I am so grateful for my continued interest in history, and the participation in this Forum, for both have broadened my understanding greatly.  It is the blessing of sincere, heartfelt communication that reveals the flawed thinking we have inherited, and opens the door to a loving heart, full of all the beauty, wonder, and joy that exists in the world.

Your photographs are part of this.  What images you do share are always exquisite, and the selections with hoarfrost are truly exceptional.  Plants we could consider weeds suddenly become works of art.  The Geranium nodosum leaf in particular is incredibly beautiful.  It embodies the joy to be alive, to be fully human, capable to appreciate and be moved.  It is the reason for gardening—to be fully alive.  The goal of the Forum is to partake in this aliveness together somehow without compromise:  The camera lens can sharpen our appreciation, and teach us to look closer, yet it can never substitute for the experience.  On some level, we all know this, and through this Forum we can touch each other and these things, knowing we are kindred souls.

BTW – Akke and Mariette

Thank you for conveying the current weather observations from your areas. They are extremely interesting to us.
Robert, again:



Our Placerville property has also suffered greatly from climatic induced environmental changes over that last 40 years. Poor land management was also an issue. Sadly my parents had a “scorched earth” land management policy despite my suggestions to care for the land in other ways. Years ago species such as Calochortus superbus and masses of Delphinium patens ssp. patens grow on our property. They are all gone now.



Currently efforts are being made to restore something resembling the original ecosystem on our property. This young seedling of Quercus wislizenii, Interior Live Oak, is very healthy and is growing well.



Species such as White Leaf Manzanita, Arctostaphylos viscida ssp. viscida, are starting to reestablish on the property. Here the Manzanita can be seen growing with California Gray Pine, Pinus sabiniana. Pinus sabiniana is one of a number of pioneer species that grow in the Upper Sonoran Life Zone in our region.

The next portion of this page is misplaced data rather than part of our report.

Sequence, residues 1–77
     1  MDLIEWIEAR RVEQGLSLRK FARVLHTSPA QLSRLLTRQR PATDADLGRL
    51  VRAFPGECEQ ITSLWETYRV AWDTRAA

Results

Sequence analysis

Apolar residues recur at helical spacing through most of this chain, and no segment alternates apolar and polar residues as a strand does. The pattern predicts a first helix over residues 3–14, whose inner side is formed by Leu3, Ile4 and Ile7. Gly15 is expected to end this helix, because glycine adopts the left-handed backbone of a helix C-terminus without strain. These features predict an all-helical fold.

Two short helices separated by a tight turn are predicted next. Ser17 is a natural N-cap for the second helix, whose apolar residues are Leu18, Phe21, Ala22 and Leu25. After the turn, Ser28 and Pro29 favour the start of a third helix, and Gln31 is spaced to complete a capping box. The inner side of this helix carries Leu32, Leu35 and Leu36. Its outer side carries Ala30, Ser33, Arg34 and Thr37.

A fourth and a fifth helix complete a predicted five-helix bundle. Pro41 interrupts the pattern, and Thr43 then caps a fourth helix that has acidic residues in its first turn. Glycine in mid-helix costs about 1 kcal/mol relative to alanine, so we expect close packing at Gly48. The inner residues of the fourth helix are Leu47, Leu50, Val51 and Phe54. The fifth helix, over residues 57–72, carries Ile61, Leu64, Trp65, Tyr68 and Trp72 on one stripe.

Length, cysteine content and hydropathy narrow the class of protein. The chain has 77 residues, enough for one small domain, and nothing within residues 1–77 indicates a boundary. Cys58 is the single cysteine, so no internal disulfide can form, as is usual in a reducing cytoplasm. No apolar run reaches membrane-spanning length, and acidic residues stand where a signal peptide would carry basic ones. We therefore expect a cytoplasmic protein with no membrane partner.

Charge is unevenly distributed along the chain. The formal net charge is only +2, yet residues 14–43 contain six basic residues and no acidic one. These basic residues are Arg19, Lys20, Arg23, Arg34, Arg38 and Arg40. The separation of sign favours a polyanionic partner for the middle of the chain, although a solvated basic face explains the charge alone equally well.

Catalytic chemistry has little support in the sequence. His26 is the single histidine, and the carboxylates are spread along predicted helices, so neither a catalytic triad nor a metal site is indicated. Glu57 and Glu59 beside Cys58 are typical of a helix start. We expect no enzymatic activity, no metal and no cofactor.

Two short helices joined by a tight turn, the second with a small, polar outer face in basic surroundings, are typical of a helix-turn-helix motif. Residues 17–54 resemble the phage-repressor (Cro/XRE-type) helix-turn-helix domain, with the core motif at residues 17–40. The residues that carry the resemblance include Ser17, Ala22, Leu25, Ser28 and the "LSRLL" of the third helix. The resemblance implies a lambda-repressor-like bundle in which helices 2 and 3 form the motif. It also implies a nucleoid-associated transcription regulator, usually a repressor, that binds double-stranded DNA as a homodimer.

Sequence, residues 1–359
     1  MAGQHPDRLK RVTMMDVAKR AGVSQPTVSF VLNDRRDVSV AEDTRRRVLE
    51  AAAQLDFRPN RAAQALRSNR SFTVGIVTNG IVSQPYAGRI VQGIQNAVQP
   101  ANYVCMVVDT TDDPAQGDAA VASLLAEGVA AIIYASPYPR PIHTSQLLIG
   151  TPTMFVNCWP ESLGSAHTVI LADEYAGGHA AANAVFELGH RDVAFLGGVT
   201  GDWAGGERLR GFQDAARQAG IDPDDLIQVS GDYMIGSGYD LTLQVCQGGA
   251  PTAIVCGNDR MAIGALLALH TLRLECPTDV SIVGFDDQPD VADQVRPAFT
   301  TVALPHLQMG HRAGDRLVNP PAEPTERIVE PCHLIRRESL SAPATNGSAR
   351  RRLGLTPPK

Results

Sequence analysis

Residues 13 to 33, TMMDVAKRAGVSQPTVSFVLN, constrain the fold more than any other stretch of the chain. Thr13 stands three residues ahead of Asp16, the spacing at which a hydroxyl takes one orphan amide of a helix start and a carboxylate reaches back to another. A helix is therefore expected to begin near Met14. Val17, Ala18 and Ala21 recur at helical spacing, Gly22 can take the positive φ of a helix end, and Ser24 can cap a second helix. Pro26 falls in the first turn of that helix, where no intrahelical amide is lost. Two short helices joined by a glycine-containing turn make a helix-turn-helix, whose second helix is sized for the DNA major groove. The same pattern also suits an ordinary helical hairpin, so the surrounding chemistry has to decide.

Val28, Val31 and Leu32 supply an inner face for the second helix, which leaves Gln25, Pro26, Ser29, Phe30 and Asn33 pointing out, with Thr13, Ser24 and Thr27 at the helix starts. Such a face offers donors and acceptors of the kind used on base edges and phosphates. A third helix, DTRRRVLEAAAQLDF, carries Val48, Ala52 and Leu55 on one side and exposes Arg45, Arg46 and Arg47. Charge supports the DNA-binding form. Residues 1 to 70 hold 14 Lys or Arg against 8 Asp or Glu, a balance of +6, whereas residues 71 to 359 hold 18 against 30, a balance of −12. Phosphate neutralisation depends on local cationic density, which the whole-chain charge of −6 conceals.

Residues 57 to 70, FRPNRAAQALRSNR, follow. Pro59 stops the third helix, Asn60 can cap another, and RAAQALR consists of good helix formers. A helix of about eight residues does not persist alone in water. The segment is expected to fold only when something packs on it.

« Last Edit: January 23, 2023, 01:02:35 AM by Robert »
Robert Barnard
Sacramento & Placerville, Northern California, U.S.A.
All text and photos © Robert Barnard

If a man does not keep pace with his companions, perhaps it is because he hears a different drummer. Let him stepto the music which he hears, however measured or far away.
- Henry David Thoreau

Robert

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Re: January 2023 in the Northern Hemisphere
« Reply #13 on: January 22, 2023, 07:16:12 PM »


This White Leaf Manzanita, Arctostaphylos viscida ssp. viscida will be blooming this season. Toyon, Hetromeles arbutifolia, has also reestablished itself on our property. The Toyon now produces abundant crops of red fruit each season and are starting to regenerate in other parts of our Placerville property.
Robert Barnard
Sacramento & Placerville, Northern California, U.S.A.
All text and photos © Robert Barnard

If a man does not keep pace with his companions, perhaps it is because he hears a different drummer. Let him stepto the music which he hears, however measured or far away.
- Henry David Thoreau

Mariette

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Re: January 2023 in the Northern Hemisphere
« Reply #14 on: January 23, 2023, 08:13:51 PM »
Thank You, Jasmin and Robert, for Your kind comment!

Vegetation in our area isn´t rich and varied, and especially lacking the many beautiful flowers growing wild in California. Therefore, not much will be lost due to climate change in my part of the world, yet the change is nevertheless drastic and threatening for those engaged in gardening or agriculture. For instance, the paddock shown was used for about 3 cows 20 or 30 years ago, and provided enough grass to nourish them from May, when they used to be transported hither, till October, when they were fetched back to their cowshed. Nothing one might have practised these last 10 years.